• Cover said item in aluminum foil, cats are supposed to dislike the feeling of it on their paws.
  • Cover said item with double sided tape, cats are also supposed to dislike the sticky feeling.
  • Cover said item in some other way, a blanket, a tarp, anything that would make scratching less enjoyable. The "cover it" route isn't a solution, but a temporary diversion to encourage your cat to scratch on the proper items you have provided.
  • If kitty's caught in the act, startle them with a loud, firm "no", a spray from a bottle of water, or just simply remove them from the area.
And here are some things to avoid:
  • Don't physically punish your cat.
  • Don't attempt to discipline your cat for scratching after the fact. Catching your cat in the act is the only opportunity you have to correct it's behavior.
  • If your cat isn't showing interest in a scratching post don't try to "teach" them to use it. Forcing them to scratch it will just create a negative association. A much better way to draw your cat's interest would be to rub it over with some catnip.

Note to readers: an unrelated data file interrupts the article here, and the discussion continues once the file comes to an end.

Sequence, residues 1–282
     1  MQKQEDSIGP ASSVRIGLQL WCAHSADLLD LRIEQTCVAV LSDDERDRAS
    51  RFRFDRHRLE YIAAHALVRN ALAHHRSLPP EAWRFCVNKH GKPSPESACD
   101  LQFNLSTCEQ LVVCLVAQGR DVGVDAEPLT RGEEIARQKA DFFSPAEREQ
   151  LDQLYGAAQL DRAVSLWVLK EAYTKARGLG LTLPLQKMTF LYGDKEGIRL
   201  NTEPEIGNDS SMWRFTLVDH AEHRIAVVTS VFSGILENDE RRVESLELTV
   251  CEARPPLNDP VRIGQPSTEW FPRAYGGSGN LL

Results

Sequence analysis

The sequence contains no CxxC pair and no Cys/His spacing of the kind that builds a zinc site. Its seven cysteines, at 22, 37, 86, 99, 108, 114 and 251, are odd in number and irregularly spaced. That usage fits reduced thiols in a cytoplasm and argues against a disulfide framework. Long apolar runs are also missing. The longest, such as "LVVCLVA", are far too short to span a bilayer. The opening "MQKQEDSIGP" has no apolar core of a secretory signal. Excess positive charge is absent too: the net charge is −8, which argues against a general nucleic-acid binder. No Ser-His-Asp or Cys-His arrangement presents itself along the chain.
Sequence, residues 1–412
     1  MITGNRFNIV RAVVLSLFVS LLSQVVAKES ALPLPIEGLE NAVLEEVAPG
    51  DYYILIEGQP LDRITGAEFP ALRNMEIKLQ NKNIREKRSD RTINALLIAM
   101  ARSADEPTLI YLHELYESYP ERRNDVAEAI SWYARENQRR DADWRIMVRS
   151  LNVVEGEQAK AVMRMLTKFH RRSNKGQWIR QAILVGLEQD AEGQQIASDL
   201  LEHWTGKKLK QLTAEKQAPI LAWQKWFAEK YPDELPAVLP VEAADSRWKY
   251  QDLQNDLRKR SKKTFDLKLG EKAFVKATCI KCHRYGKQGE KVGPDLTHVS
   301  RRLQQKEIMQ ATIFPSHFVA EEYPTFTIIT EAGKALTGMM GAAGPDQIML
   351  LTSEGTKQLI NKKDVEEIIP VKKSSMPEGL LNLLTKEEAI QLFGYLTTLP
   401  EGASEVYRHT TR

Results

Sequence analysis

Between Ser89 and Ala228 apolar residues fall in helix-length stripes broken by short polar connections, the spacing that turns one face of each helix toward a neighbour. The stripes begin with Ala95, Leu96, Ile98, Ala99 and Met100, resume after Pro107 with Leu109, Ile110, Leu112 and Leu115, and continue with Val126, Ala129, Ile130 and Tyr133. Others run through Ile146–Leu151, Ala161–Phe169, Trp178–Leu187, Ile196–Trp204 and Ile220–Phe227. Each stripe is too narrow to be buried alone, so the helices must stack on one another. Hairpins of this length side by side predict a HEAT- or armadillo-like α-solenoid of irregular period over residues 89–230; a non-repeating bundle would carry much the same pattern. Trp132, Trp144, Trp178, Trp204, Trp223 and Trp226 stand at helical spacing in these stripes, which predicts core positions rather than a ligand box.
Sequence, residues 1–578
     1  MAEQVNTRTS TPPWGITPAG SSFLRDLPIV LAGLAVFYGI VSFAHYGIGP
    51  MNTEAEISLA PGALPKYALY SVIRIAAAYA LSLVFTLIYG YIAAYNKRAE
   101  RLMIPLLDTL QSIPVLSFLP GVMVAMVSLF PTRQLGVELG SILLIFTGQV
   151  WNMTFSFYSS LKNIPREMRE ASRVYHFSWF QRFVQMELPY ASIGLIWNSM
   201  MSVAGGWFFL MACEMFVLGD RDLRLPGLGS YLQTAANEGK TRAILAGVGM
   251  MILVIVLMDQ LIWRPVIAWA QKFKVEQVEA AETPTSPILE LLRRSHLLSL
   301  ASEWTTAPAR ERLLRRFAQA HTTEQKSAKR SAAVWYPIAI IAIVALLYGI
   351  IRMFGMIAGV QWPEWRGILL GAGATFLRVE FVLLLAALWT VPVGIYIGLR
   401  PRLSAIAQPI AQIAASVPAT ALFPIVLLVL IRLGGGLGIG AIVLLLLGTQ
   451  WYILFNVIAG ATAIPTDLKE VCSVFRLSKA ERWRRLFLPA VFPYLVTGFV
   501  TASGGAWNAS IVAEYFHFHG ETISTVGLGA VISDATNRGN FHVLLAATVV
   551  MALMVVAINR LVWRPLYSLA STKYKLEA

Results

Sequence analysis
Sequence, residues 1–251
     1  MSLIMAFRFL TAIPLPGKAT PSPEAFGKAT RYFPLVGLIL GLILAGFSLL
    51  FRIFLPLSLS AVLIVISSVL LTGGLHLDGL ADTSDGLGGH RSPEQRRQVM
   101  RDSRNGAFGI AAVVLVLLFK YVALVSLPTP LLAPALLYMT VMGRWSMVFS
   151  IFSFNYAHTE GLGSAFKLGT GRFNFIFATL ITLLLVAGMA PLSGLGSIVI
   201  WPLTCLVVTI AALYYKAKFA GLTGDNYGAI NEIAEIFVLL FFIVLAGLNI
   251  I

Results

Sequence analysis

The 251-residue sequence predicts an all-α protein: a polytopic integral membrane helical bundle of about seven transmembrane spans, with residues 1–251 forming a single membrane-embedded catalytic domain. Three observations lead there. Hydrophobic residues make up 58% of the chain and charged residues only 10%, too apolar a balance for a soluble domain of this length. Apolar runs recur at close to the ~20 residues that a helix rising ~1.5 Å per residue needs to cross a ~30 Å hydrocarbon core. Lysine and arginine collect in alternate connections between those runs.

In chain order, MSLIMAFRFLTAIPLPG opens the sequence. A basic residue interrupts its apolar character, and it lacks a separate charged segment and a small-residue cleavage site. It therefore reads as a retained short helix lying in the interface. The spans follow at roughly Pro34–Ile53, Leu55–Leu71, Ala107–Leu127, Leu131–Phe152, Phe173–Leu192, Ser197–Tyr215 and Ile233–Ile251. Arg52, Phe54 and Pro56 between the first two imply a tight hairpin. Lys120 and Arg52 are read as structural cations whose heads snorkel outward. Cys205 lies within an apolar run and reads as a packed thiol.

Keeping claws trim will help to reduce damage to your furniture, as well as to anyone your cat may accidentally scratch. (Read about how to trim nails here.) Another option, untested by me, is cat nail covers. A former coworker of mine raved about these (SoftClaws in particular) and they also seem to get positive reviews on the internet, but again, I have never tried them. Update: One of our new bike polo players uses them. He says they are easy, cheap, and effective. Plus, you can make your cats nails be whatever color you'd like.

Just don't do it, it's so disgusting. Onychectomy (or "declawing") is hardly practiced outside of North America and is prohibited and/or strongly looked down upon in Australia, Brazil, Austria, and the United Kingdom. In Israel, Finland, Estonia, the Netherlands, Germany, and Switzerland you can be charged with animal cruelty for declawing your cat. Love your cat enough to not put it through an incredible amount of pain and permanent disfigurement.